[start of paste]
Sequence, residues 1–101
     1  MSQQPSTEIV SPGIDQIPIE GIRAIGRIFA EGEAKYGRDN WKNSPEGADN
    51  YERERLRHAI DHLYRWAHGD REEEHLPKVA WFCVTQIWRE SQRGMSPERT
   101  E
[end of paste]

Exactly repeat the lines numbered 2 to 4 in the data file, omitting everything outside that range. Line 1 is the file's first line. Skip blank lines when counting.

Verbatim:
     1  MSQQPSTEIV SPGIDQIPIE GIRAIGRIFA EGEAKYGRDN WKNSPEGADN
    51  YERERLRHAI DHLYRWAHGD REEEHLPKVA WFCVTQIWRE SQRGMSPERT
   101  E